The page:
FRIDAY morning, with news of another helicopter crash and six more U.S. soldiers killed in the bloodiest week in Iraq for Americans since the fall of Baghdad, Will Ross's little story popped up on scores of computer screens throughout the nation.
Ross had written the story a week earlier -- a short narrative of his experience among troops traveling home from Iraq through Baltimore-Washington International Airport -- and it quickly became an Internet chain letter that countless people felt the need to share with friends.
Ross, an administrative judge with the Department of Defense's Office of Hearings and Appeals in Los Angeles, had been in Maryland to attend a conference in Annapolis. He was supposed to return to L.A. on Sunday, Oct. 26, but United Airlines had to cancel his flight out of BWI. The fires that had swept across Southern California played havoc with air-traffic control and forced the closing of airports on the West Coast.
"My story begins the next day," Ross wrote in a "letter to family and friends" after he returned to California. "When I went to check in at the United counter I saw a lot of soldiers home from Iraq. Most were very young and all had on their desert camouflage uniforms. ... It was a visible reminder that we are in a war. It probably was pretty close to what train terminals were like in World War II."
Since September, the international terminal at BWI has been a point of re-entry for troops on leave from duty in Iraq. Dozens of them fly into the airport each day, where they meet relatives and friends or take connecting flights home. Dozens more come through BWI on their way back to active duty. (Will Ross, reached Friday while on vacation in Arizona, is a frequent flier through BWI.)
"Many people were stopping the troops to talk to them, asking them questions in the Starbucks line or just saying, `Welcome home,'" Ross' narrative went on. "In addition to all the flights that had been canceled on Sunday, the weather was terrible in Baltimore and the flights were backed up. So, there were a lot of unhappy people in the terminal trying to get home."
"By the afternoon, one plane to Denver had been delayed several hours. United personnel kept asking for volunteers to give up their seats and take another flight. They weren't getting many takers."
But that was when a United customer service representative -- later identified by her BWI boss as Marsha Stein -- got on the public address phone. Stein and another rep, Winston Townes, have been focused on seeing that the soldiers move quickly through BWI and get on their way to some R&R.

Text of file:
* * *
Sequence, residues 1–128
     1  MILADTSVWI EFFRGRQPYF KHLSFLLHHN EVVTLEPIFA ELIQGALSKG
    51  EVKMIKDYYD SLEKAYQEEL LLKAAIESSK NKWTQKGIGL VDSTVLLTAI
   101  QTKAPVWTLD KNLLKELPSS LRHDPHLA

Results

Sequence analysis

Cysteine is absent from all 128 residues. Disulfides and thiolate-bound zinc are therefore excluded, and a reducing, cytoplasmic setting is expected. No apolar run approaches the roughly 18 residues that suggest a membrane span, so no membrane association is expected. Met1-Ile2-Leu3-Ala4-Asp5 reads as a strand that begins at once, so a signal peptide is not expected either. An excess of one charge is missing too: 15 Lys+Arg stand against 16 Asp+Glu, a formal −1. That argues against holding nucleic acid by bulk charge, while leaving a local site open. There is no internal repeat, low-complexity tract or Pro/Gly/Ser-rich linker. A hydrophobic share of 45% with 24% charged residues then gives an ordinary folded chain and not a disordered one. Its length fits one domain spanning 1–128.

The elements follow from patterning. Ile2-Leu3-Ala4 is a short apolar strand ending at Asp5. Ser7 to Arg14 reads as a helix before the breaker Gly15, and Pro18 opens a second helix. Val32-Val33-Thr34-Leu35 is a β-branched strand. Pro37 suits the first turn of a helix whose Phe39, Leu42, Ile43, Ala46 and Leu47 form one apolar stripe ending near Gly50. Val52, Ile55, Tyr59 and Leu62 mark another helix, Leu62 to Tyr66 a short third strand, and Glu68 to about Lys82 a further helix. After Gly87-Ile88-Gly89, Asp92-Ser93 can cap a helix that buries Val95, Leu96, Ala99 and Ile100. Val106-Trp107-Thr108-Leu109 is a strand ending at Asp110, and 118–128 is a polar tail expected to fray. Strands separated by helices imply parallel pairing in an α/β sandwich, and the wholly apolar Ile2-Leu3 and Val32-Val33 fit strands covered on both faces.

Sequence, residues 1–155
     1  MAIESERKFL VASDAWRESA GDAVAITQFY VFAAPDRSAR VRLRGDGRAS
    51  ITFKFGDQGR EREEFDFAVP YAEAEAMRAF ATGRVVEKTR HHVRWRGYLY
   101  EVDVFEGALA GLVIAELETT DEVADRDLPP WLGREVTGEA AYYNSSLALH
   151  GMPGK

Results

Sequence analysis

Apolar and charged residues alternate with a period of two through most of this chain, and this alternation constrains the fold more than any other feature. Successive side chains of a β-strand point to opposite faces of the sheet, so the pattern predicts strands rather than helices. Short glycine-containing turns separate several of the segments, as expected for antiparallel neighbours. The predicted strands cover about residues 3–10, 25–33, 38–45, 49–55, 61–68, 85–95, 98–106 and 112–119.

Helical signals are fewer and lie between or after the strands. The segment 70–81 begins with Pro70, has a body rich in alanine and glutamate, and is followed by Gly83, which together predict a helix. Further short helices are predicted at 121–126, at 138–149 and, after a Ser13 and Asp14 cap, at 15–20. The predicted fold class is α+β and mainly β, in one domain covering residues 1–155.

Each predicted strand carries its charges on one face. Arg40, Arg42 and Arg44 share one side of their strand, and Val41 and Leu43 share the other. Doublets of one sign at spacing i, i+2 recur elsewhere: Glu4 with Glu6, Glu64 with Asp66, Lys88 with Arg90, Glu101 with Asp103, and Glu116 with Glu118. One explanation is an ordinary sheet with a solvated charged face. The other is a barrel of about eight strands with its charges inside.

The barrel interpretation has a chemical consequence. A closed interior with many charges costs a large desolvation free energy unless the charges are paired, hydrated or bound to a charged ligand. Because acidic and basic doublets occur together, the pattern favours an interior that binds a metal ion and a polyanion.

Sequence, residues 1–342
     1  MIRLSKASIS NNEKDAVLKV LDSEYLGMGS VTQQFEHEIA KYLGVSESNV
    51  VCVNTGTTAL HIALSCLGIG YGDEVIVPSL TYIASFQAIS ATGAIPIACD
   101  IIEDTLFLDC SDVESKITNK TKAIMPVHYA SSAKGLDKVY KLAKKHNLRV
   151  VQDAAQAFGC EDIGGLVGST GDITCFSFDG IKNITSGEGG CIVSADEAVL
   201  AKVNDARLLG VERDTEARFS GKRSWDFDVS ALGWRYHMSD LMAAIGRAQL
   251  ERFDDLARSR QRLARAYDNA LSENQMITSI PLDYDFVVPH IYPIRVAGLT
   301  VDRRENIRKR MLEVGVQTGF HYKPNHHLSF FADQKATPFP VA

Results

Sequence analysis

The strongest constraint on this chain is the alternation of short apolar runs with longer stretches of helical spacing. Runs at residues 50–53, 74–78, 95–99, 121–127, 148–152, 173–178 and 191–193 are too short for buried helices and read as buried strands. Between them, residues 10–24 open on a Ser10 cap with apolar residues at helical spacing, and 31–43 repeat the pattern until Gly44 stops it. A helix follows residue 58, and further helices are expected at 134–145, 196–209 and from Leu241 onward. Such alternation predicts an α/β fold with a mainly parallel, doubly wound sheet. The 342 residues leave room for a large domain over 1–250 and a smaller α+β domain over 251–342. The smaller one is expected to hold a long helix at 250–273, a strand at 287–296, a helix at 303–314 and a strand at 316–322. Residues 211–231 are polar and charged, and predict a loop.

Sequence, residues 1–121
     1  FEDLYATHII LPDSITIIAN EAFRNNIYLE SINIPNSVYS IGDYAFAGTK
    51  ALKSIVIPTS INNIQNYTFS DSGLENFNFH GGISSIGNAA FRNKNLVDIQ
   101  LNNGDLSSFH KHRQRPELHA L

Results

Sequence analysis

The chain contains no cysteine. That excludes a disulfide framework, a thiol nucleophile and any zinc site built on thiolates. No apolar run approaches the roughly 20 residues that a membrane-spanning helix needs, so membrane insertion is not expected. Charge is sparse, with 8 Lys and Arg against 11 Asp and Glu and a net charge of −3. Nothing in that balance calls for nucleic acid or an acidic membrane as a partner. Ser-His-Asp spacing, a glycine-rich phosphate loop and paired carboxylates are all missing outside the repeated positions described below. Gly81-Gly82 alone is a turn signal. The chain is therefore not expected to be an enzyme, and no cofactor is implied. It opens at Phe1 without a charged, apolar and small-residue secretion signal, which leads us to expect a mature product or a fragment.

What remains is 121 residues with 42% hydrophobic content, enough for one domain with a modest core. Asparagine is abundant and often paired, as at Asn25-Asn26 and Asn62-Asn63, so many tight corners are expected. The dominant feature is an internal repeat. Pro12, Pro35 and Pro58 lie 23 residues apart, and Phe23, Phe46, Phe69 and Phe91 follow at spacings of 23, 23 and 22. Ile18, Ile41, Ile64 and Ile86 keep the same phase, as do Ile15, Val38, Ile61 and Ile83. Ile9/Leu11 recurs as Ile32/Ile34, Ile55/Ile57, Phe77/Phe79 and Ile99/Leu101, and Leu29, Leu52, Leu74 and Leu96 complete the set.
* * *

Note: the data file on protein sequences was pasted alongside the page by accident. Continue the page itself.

`"Folks,'" Ross quoted Stein -- accurately, her boss, Jim Drain, told me -- as telling the travelers, "`As you can see, there are a lot of soldiers in the waiting area. They only have 14 days of leave, and we're trying to get them where they need to go without spending any more time in an airport than they have to.'
`"We sold them all tickets, knowing we would oversell the flight. If we can, we want to get them all on this flight. We want all the soldiers to know that we respect what you're doing, we are here for you and we love you.'
"At that," Ross reported, "the entire terminal of cranky, tired, travel-weary people, a cross-section of America, broke into sustained and heartfelt applause. The soldiers looked surprised and very modest. Most of them just looked at their boots. Many of us were wiping away tears.
"And, yes, people lined up to take the later flight and all the soldiers went to Denver on that flight. ... That little moment made me proud to be an American."
Grumpy old men
Here's what I make of Peter Angelos, William Donald Schaefer and their pals taking shots at Martin O'Malley: They're grumpy senior citizens annoyed that the young mayor doesn't slip under their table at D'Alesio's and shine their shoes.
And what was that Angelos said about O'Malley the other day? He said: "Vendettas and personal tantrums are inappropriate for the leader of the city of Baltimore." What planet was Petros on when Don Donaldo was mayor? Give me a break.
A Little mistake
I guess I'm glad Lee Mazzilli is Orioles manager. I wish him well. But, tell you the truth, I was rooting for Eddie to get the job. Oh, well, maybe next year. (Just kidding!)
At one point, I heard Mike Flanagan and Jim Beattie were talking to Stuart Little about being manager. And I thought to myself: That can't be right. Can't have a mouse managing grown men 'cuz they might step on him in the dugout.
But joke's on me! It was Grady Little they were talking to! Ha! Anyway, so now they have Mazzilli, and I'd just like to point out that the man is Italian-American, and the last time the Orioles had an Italian-American manager, we won the big one. You can look it up.